• More specialized clothing depending on the weather/race requirements

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Food and Hydration

  • Gels

  • Energy bars

  • Backpack with a bladder

  • Water

  • Sports drinks

  • Try to drink every 10-15 minutes and eat every 45 minutes to an hour

  • Most important for 24+ hour races – JUNK FOOD

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Mountain Biking

  • Types of bikes

    • Full suspension

    • Hard tail

  • Tool kit with spare parts (chain, etc.) – for transition area

  • Multi-tool (with chain tool)

  • Pump

  • Spare tubes / patch kit

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  • PFD

  • Paddles (kayak)

  • Canoe

  • Portage wheels

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Mapping Gear

  • Waterproof map case

  • Map tool / UTM grid

  • Pens, pencils, highlighters

  • Table

  • Yard stick

  • Contact paper

Sample gear list siege on fort yargo l.jpg

Mandatory Individual Gear


Container(s) in which to carry at least 1 liter of water

Paddling Section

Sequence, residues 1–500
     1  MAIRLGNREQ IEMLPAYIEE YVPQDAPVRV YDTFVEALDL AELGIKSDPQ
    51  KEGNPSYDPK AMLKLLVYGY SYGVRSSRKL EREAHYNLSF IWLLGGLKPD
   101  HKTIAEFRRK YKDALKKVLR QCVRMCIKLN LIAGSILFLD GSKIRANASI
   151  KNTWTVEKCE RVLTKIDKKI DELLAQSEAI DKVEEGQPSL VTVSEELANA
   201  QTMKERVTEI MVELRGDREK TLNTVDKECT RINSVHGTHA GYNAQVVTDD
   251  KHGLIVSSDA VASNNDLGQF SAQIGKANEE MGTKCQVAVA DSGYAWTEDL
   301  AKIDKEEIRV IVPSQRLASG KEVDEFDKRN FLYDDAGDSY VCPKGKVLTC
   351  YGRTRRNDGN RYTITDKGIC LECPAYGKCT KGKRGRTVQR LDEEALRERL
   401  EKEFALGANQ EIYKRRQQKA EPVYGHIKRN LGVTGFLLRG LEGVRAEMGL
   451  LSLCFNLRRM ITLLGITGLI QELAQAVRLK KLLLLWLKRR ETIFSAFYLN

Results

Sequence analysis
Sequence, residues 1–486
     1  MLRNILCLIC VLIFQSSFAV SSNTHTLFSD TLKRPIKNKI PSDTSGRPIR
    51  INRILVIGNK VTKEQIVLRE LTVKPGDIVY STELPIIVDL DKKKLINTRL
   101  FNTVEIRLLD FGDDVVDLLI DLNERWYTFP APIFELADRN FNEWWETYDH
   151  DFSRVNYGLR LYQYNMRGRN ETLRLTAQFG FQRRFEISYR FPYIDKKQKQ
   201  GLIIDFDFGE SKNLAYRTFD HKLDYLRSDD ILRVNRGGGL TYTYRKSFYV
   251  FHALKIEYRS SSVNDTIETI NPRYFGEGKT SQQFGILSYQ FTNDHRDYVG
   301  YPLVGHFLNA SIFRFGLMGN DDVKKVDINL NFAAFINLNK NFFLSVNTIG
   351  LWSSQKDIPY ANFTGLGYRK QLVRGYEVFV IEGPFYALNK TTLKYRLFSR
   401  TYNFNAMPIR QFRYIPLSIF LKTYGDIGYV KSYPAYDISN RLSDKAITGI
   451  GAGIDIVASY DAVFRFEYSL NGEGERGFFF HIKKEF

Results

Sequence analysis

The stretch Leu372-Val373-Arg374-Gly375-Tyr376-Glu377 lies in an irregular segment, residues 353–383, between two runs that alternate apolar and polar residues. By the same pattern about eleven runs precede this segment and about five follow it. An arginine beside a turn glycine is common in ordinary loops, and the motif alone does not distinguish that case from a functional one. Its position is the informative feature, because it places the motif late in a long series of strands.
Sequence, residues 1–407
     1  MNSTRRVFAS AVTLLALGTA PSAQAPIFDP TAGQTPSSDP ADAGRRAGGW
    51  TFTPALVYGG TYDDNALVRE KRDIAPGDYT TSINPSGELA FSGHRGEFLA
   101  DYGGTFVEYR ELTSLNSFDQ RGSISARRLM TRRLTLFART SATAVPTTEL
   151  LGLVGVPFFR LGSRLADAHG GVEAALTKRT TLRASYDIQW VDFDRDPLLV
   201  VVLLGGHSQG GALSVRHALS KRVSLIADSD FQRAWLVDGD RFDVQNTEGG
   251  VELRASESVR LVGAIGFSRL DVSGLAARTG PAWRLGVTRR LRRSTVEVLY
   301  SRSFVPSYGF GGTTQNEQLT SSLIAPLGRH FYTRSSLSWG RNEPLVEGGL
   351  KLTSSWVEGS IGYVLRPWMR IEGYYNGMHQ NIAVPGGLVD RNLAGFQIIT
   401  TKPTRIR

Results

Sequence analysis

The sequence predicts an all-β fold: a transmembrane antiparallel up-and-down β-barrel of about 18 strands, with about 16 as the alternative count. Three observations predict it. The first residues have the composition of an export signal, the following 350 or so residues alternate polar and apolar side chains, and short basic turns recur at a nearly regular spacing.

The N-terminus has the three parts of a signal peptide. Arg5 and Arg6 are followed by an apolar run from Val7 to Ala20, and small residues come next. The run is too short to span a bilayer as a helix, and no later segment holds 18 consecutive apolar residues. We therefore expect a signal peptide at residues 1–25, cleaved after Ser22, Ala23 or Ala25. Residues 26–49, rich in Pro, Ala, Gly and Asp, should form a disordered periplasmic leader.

Paddle (Canoe or Kayak)

PFD - minimum of Coast Guard approved Type 3

Mountain Biking Section

Bike helmet

Mountain bike

Spare tube (or tubeless tire patch kit if you ride tubeless)

Mandatory Team Gear



Waterproof map case

Mountain Biking Section

Bike tool

Tire pump or CO2 inflator with enough CO2 to inflate 3 tires

Tire Lever


1-Recreational Canoe (i.e. No composite or racing boats) per team

Recommended Gear

Dry bag

One compass per team member


First aid kit, including band-aids, polysporin, anti-inflammatories

Cell phone and method of waterproofing

Sample Gear List(Siege on Fort Yargo)

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Individual Gear



knife (1.5 " or greater blade)

waterproof lighter

emergency blanket

1 flare


PFD - minimum of Coast Guard approved Type 3

Mountain Biking

bike helmet

white front light mounted on bike

red rear light mounted on bike

Team Gear

water purification system

first aid kit

sleeping bag (at least 30 degrees)


Fully charged cell phone

First Aid Kit Contents

3 - 4x4 gauze pads

1 roll 1" waterproof medical tape or equivalent amount of duct tape